Through the 99th Amendment, Parliament substituted Article 124 with Articles 124A, B and C. The new articles provided for a six-member Commission consisting of the erstwhile collegium, the law minister, and two “eminent persons”. Through a law called the National Judicial Appointments Commission Act, brought into force at around the same time as the Amendment, Parliament also provided that no appointment could go through if two members of the Commission vetoed it. Effectively, under the new system, there could be potentially at least some cases in which judges would not have the last word over an appointment.

The case

The 99th Amendment and the NJAC Act were challenged on the ground that they violated judicial independence by severely curtailing the judiciary’s role in the selection process. The Union of India contested the case on merits, but also requested the five-judge bench that was hearing the case to refer it to a bench of 11 judges, so that The Second Judges Case, which created the collegium, could be reconsidered, and overruled if found to be incorrect. The court, therefore, had to answer two questions:

Ought it refer the matter for a reconsideration of the Second Judges Case?

And if it should not, how should it decide the constitutionality of the 99th Amendment and the NJAC Act in accordance with the law laid down in that case?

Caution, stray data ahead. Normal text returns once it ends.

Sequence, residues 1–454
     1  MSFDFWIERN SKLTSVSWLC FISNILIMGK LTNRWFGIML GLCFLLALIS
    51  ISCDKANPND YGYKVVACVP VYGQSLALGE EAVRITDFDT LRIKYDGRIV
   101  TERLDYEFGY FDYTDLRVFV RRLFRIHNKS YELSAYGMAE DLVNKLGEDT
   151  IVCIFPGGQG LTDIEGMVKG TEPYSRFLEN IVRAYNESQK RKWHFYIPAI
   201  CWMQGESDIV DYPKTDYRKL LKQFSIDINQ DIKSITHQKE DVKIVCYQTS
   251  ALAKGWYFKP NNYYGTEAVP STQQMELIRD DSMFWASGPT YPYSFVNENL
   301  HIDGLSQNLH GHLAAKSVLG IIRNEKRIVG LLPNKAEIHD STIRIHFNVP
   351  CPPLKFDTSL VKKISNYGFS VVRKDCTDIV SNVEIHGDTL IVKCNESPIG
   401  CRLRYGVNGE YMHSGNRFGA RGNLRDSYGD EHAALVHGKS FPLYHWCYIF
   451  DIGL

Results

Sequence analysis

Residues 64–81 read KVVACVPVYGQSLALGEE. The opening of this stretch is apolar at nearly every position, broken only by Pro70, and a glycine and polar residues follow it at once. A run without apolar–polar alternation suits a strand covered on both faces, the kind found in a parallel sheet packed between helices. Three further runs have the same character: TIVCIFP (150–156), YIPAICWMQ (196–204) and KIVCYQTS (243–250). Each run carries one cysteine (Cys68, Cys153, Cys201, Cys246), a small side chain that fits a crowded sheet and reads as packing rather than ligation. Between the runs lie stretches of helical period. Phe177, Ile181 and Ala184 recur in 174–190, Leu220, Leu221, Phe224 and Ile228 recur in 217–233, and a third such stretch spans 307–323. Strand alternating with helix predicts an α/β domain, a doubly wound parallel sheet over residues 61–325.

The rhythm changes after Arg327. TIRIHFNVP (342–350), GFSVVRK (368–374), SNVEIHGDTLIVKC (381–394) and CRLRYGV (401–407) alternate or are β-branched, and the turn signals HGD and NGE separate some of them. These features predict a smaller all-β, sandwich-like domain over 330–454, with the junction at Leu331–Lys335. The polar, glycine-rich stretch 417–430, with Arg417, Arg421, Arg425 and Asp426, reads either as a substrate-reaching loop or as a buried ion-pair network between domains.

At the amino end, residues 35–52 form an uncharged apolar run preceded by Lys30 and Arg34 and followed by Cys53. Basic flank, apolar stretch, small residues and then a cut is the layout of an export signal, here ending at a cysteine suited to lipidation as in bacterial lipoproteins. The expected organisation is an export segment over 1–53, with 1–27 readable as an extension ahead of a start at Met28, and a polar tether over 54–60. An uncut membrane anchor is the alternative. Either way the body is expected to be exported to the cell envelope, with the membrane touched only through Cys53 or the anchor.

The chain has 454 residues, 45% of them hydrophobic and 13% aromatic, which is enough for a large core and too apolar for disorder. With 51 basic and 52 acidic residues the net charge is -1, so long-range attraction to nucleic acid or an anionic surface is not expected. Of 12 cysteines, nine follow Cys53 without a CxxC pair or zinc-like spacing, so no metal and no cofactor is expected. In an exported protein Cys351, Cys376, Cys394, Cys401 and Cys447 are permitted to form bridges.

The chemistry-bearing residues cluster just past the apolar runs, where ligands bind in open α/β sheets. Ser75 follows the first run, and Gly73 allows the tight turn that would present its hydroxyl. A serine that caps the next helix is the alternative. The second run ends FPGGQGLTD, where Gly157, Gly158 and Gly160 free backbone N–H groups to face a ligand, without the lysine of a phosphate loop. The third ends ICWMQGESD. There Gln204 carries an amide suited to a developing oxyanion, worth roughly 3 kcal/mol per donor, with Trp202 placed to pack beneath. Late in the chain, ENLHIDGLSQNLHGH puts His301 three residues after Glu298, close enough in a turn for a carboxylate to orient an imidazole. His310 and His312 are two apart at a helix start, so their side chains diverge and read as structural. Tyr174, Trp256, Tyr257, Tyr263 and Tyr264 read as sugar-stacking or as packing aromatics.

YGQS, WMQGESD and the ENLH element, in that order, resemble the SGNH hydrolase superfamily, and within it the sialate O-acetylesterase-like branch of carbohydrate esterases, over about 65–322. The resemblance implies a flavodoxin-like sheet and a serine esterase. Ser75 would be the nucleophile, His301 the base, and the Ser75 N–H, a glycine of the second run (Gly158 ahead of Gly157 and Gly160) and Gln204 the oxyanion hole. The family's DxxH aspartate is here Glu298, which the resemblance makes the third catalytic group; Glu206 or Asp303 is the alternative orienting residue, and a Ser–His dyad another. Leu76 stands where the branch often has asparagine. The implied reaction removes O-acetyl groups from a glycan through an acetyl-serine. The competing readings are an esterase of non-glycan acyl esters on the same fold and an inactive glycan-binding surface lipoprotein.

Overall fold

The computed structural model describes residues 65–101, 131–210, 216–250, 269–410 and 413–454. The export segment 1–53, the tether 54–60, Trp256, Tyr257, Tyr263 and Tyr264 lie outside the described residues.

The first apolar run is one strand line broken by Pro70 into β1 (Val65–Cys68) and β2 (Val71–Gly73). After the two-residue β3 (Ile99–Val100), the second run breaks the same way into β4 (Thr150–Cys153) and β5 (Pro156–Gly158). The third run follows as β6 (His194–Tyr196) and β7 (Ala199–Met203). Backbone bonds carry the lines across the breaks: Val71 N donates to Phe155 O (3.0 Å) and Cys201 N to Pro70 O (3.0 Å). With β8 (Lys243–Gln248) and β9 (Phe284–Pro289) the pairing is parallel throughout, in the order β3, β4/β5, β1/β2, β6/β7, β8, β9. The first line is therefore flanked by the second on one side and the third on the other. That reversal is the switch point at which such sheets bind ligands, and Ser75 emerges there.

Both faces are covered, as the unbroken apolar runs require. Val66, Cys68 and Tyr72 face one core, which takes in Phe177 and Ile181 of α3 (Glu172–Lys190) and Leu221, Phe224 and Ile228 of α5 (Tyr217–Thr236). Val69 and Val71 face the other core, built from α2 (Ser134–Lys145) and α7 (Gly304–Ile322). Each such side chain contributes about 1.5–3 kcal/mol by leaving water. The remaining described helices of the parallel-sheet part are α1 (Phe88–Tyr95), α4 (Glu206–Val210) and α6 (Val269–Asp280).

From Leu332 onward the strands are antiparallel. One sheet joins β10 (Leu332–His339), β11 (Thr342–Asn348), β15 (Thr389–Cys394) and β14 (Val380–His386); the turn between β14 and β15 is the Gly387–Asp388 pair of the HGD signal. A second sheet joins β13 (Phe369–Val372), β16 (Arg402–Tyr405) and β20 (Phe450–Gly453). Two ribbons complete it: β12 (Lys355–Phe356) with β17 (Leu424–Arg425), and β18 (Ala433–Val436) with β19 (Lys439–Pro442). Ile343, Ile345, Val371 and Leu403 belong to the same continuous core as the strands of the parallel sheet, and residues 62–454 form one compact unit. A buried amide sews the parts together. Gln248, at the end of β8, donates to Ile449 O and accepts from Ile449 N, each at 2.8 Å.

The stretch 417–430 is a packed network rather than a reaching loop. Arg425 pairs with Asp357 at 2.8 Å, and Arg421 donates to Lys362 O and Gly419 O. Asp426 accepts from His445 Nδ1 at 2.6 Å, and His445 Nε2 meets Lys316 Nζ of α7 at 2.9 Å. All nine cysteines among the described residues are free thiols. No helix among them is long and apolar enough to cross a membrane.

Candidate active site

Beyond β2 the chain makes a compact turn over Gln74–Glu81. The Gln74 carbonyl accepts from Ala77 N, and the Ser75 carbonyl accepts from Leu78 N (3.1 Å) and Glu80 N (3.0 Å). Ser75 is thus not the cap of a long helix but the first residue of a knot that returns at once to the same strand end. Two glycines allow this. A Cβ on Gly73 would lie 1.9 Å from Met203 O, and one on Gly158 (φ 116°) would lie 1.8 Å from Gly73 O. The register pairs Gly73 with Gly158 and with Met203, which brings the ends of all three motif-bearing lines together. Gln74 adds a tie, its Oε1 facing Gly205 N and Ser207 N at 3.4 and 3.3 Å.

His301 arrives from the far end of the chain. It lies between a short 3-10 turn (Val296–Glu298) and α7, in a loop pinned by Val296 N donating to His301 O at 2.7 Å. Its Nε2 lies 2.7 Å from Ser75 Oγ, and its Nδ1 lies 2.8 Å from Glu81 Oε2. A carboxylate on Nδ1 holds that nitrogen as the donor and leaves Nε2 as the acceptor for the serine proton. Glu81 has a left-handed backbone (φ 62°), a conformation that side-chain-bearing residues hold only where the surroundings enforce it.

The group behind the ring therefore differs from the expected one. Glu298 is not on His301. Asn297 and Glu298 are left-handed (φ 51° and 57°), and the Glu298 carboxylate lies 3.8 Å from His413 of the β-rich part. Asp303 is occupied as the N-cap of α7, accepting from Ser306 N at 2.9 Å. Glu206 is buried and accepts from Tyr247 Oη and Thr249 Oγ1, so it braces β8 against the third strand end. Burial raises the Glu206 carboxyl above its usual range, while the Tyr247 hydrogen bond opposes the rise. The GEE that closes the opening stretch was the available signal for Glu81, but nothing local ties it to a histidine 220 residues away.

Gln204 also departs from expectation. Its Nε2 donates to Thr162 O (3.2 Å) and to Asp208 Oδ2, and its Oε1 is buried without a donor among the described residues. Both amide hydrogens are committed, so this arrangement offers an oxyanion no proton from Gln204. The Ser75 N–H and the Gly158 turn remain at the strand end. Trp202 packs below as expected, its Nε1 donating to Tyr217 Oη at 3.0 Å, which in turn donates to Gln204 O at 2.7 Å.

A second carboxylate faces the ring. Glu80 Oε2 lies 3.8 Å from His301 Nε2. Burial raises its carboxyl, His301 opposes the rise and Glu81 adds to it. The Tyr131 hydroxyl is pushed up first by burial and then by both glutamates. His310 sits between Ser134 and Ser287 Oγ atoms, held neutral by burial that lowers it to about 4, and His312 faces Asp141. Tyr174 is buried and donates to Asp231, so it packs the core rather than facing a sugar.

The leading opinion of Justice Kehar, and the concurring opinion of Justices Lokur and Goel, examined both questions separately.

On the first issue, the Justices held that The Second Judges Case had been correctly decided, and did not need reconsideration. The Justices based their conclusion on a number of speeches in the Constituent Assembly by Doctor Ambedkar, where the Constitution’s chief architect had voiced fears of executive dominance over judicial appointments; upon a long practice of taking the Chief Justice’s approval before finalising any judicial appointment; and upon more or less consistent line of Supreme Court cases affirming this proposition. On this basis, the majority held that the Second Judges Case’s interpretation of the word “consultation” to mean “concurrence” was not unwarranted.